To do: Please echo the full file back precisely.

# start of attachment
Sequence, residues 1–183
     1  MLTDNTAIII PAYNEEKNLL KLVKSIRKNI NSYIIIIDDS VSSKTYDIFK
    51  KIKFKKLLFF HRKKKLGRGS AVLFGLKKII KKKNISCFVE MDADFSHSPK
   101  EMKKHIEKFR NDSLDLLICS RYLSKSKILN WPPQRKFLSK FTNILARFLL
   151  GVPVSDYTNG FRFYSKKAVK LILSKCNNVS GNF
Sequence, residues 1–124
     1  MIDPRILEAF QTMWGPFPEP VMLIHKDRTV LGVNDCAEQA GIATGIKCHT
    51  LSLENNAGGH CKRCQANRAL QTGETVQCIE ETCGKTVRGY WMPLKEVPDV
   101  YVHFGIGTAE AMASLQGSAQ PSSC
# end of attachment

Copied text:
Sequence, residues 1–183
     1  MLTDNTAIII PAYNEEKNLL KLVKSIRKNI NSYIIIIDDS VSSKTYDIFK
    51  KIKFKKLLFF HRKKKLGRGS AVLFGLKKII KKKNISCFVE MDADFSHSPK
   101  EMKKHIEKFR NDSLDLLICS RYLSKSKILN WPPQRKFLSK FTNILARFLL
   151  GVPVSDYTNG FRFYSKKAVK LILSKCNNVS GNF
Sequence, residues 1–124
     1  MIDPRILEAF QTMWGPFPEP VMLIHKDRTV LGVNDCAEQA GIATGIKCHT
    51  LSLENNAGGH CKRCQANRAL QTGETVQCIE ETCGKTVRGY WMPLKEVPDV
   101  YVHFGIGTAE AMASLQGSAQ PSSC